TALLADEGA, Ala. -- It was apropos that the driver who continually suffered ill-timed misfortunes found himself on the receiving end of a fortuitous break Sunday at Talladega Superspeedway.
As Denny Hamlin held the point on the white flag lap of the Aaron's 499, Greg Biffle and Clint Bowyer were sizing Hamlin up like hyenas eyeballing a lonely antelope; mere seconds away from pouncing. But before the pair could strike, a caution for a wreck along the front stretch froze the field.
Race over. Hamlin declared the winner. Biffle and Bowyer left wondering "what if?"
Without that yellow Hamlin likely would have been passed, with little recourse to maneuver back around Biffle and Bowyer. Instead, the Joe Gibbs Racing driver hung on to win the 24th race of his career and first on a restrictor-plate track.
Just as confetti reigned down and Gatorade went flying around Victory Lane in celebration, Hamlin's shoulders were released of a considerable burden. A weight that had steadily grown heavier, as recent struggles threatened to sap the overriding confidence Hamlin expressed in February during Daytona 500 Speedweeks.
It was then the 33-year-old won two preliminary events, and continually expressed how fit he was following a broken back that derailed his 2013 season. He was his "old self" Hamlin all but shouted after winning the Sprint Unlimited and then again after taking his Duel qualifying race.
But the promise that existed in the days leading to the dawn of the season had evaporated in the weeks leading into Talladega.
Long someone who thrives on proving doubters wrong, Hamlin had handed them no shortage of ammunition. All compounded when he began pressing, creating a snowball effect of continued frustration and missed opportunity.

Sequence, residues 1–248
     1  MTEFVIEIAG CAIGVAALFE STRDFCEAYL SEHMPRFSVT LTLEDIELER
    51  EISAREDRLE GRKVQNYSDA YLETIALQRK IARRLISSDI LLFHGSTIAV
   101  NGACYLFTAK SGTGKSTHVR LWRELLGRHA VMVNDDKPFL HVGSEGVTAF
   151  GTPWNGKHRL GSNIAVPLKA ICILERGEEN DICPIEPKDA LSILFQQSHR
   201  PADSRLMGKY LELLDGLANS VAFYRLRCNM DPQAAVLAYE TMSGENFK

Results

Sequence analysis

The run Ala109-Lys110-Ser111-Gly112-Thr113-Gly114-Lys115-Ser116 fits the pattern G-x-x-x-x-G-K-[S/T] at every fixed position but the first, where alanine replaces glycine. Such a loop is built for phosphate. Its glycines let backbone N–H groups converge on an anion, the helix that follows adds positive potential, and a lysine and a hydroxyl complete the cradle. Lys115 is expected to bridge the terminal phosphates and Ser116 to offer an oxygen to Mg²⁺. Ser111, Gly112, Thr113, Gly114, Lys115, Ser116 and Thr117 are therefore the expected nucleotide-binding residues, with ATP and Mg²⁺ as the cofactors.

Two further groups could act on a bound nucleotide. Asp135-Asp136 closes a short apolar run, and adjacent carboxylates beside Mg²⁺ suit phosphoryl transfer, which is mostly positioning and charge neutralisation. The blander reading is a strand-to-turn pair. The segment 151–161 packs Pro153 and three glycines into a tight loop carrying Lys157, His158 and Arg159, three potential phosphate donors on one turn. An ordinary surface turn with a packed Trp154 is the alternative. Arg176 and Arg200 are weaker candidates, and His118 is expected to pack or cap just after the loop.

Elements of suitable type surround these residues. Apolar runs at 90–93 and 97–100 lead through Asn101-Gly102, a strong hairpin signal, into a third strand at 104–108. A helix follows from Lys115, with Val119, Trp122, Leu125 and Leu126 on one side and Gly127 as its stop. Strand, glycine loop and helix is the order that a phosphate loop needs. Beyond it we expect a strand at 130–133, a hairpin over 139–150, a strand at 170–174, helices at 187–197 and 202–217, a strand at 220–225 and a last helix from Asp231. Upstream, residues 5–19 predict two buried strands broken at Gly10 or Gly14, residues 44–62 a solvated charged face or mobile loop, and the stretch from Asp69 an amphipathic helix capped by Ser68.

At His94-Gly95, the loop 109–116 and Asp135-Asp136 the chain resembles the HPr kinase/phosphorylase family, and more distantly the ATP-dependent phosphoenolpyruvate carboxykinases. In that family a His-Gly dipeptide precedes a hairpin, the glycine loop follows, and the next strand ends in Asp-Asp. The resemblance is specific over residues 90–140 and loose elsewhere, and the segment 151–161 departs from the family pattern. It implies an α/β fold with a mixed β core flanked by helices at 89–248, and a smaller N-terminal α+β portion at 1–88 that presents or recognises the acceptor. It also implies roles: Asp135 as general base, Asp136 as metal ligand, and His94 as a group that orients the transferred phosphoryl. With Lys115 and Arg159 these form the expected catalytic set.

In succession, a fluke eye injury knocked Hamlin out of the March 23 race at Fontana; a subpar 19th at Martinsville, a track the native Virginian has long dominated; then speeding penalties in consecutive weeks at Texas Motor Speedway and Darlington Raceway, where the No. 11 car was fast and a potential race-winning machine; all capped with an off night at another traditional stronghold, Richmond.
For a driver who thrives off confidence it was a turn of events which left Hamlin wondering if 2014 was following the same path as the year before, where early season promise never came to fruition then quickly spiraled downward.
"I made some pretty bad mistakes two weeks in a row, and then obviously last week getting wrecked at the very end," said an elated and equally relieved Hamlin post-race. "Those are momentum crushers. Those things can really bug you ... really can take its toll on the team."
Any concerns about morale have now vanished after 500-miles of rough-and-tumble racing Saturday. With a mark in the win column, Hamlin will almost certainly qualify for the Chase for the Sprint Cup just one year removed from missing out for the first time in his career.
It also might signal a harbinger of bigger things to come.
The book on Hamlin is that of a driver at his best when he's at his cockiest, which almost always coincides with his performance on the track. If Hamlin's smiling, laughing and talking smack in a cocksure manner, look out.
It's no wonder then that as his confidence soars he has had a tendency to accumulate wins in bunches.
Although the win doesn't renounce Hamlin's woes as of late, it does provide him an important cushion as he continues to work out the kinks. The Chase doesn't begin until mid-September, plenty of time for driver and team to round into the form that had them seemingly on a brink of a championship before Hamlin's 2013 injury.
"We don't have to hit the panic button at this point," Hamlin said. "Now we can just focus on working on our program, doing whatever it takes to get ourselves in contention.
"This is a good moment for us, it definitely is. Even though it is a superspeedway and it's all circumstantial, it lets us rest a little bit easier here for a while."
Whether the No. 11 team has the necessary consistency to secure that elusive championship remains in doubt, though that may no longer be relevant.
If he can go on one of his patent runs, Hamlin may not have to concern himself with maintaining high-level results throughout the Chase thanks to NASCAR's new playoff format where winning automatically advances you to the next round.
"I'm pretty confident by the time the Chase rolls around in September we'll have all the parts and pieces available to us to have a very fast race car and to have a car that can contend for a championship," Hamlin said.
Because if there is one thing Talladega proved it's that no matter how dire things may appear, Hamlin is always capable of winning on any given week. And if don't believe that just ask him and he will gladly tell you.